The play "99 Histories," written by Julia Cho, examines how a Korean immigrant mother, and her American-born daughter, confront – and deny – mental illness. An Asian American theater troupe, called Artists at Play, is staging the production at The Lounge Theater 2 in Hollywood.
Julia Cho — no relation to the playwright — plays the lead character, a young woman named Eunice, who she describes this way:
She is a former cello prodigy, child of Korean immigrants. She has faced tragedy in the past, with the loss of her father, she's been estranged from her mother for the past several years, and now she has come back home, pregnant…
And, she's hearing voices.
As a health reporter, I usually look at how mental illness is treated. But until I attended that rehearsal, I’d never considered how mental illness sounds - inside someone’s head, and to everyone else.
'Can't you hear them?'
During a rehearsal earlier this month, at a downtown Los Angeles church, I watched the actors rehearse an intense scene: A young woman sits, practicing her cello. Throughout the play, this cello stands for Eunice’s creativity, but also her inner torment.
The music starts out delicately, but then it becomes agitated. The music stops, but the voices in the girl's head play on.
“No! Shut up,” she suddenly screams.
“I don’t see anything, I don’t understand,” her mother yells back, confused and alarmed. “Who are you talking to?”
The girl turns her attention from the voices to her mother: "Can’t you hear them? Make them stop!"
The scene ends, and director Leslie Ishii digs a little deeper into what's going on. They talk through where they can suss out a little more drama, and how they can make a confusing scene understandable to the audience.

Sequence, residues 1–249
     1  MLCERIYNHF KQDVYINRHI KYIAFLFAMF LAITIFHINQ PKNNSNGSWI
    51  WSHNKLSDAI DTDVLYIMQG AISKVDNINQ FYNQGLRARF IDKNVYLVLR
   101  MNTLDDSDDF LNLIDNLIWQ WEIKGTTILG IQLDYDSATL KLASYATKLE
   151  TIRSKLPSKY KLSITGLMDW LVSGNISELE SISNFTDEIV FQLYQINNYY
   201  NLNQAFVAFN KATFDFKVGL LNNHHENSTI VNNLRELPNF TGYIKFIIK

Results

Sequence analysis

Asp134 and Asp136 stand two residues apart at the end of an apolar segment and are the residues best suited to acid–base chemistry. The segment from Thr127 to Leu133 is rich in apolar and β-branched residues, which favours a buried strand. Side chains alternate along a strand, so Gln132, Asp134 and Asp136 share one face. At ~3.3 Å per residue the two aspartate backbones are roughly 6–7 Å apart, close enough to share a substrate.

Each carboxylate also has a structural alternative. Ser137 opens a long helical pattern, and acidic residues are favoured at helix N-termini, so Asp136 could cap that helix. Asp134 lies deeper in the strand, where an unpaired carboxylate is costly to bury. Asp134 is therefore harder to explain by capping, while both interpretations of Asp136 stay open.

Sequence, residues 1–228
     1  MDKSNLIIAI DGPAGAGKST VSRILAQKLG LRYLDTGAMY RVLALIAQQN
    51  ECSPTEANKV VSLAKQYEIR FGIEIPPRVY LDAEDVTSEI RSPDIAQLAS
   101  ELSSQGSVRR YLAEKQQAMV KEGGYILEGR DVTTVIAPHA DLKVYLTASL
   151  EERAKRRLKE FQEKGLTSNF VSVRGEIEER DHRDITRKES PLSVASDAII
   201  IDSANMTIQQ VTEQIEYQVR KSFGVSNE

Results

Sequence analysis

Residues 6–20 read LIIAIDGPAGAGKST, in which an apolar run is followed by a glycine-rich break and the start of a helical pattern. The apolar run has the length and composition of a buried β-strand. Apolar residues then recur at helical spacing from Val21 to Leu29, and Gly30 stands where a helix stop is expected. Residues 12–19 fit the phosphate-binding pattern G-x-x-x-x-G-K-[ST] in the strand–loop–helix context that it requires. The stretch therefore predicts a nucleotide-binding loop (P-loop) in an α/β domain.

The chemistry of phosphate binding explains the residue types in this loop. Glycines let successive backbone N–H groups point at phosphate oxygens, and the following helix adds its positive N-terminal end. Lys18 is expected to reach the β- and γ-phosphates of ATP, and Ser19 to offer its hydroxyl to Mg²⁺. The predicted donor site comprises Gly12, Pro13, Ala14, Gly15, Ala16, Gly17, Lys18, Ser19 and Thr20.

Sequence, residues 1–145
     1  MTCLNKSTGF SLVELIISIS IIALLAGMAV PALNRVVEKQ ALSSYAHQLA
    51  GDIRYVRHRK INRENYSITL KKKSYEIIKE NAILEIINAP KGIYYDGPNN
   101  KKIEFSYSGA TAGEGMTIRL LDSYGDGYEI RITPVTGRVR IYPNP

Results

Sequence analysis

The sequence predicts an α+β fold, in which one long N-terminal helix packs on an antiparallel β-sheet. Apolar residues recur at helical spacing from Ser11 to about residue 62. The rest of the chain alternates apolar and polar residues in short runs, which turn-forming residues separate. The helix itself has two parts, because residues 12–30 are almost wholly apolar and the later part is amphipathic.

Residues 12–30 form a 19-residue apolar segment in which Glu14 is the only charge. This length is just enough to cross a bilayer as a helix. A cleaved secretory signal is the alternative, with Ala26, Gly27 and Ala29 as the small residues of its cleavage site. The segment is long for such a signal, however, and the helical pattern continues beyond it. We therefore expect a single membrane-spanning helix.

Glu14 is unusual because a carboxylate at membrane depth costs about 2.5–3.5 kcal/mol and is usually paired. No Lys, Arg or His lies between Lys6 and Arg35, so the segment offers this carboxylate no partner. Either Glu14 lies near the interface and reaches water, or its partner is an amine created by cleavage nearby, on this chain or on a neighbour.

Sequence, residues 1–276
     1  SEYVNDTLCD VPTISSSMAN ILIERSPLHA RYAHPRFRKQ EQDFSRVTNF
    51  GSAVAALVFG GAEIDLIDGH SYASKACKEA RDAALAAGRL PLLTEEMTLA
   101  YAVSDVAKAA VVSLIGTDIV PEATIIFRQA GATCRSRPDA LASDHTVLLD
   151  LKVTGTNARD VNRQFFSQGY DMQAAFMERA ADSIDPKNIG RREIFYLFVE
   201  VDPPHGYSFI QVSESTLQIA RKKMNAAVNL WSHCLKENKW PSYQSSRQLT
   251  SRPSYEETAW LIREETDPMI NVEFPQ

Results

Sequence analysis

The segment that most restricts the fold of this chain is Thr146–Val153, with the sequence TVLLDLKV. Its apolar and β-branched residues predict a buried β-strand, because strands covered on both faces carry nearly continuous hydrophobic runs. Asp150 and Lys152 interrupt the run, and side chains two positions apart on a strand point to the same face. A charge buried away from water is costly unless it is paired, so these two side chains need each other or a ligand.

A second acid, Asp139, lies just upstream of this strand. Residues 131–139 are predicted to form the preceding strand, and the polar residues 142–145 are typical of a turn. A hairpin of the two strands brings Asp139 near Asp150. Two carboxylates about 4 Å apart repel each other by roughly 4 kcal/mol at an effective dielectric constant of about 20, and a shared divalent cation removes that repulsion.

'Break our own isolation'
Everyone involved in the production – from the actors, to the director, to Michi Fu, a psychologist consulting on the production – told me that no one in the Asian, or Asian American communities, talks enough about mental illness.
"In Southern California, it's very in vogue to say, 'My therapist said such and such,' says Fu, a psychologist with Pacific Clinics. "In Asian cultures, people often times are not able to talk, even if they are receiving treatment."
But often times, Fu says, people don't even seek out treatment.
"We do such a good job, so to speak, of taking care of our own, that sometimes we don't get help that's readily available outside of the home," she says. "And when I say good job, I mean, keeping it under wraps, not necessarily treating it, or managing the symptoms effectively."
Actress Julia Cho agrees, and points to her own experience as the daughter of Korean immigrants.
"Even when you have a headache, it's like, that's silly, you don't need medicine or anything for that," she recalls. "You suck it up, and you move on."
"It's funny because I'm realizing now that it wasn't until I myself was an adult, that I even started to take Aspirin."
But to accurately portray mental illness on stage, director Leslie Ishii says they all had to talk about it.
"Every week, we keep diving back into the play, to go deeper and deeper, and get more specific, so our production is rich and dynamic," she says. "We basically break our own isolation about mental illness."
Dr. Michi Fu hopes this gets the theater-goers talking, too. She even says "99 Histories" could maybe make the impact that a 2001 Oscar-winning Russell Crowe movie did.
"This is like the Asian American live version of "A Beautiful Mind," which opens up a lot of conversation for American households everywhere," she says.
"99 Histories" runs at The Lounge Theater 2 through October 5th.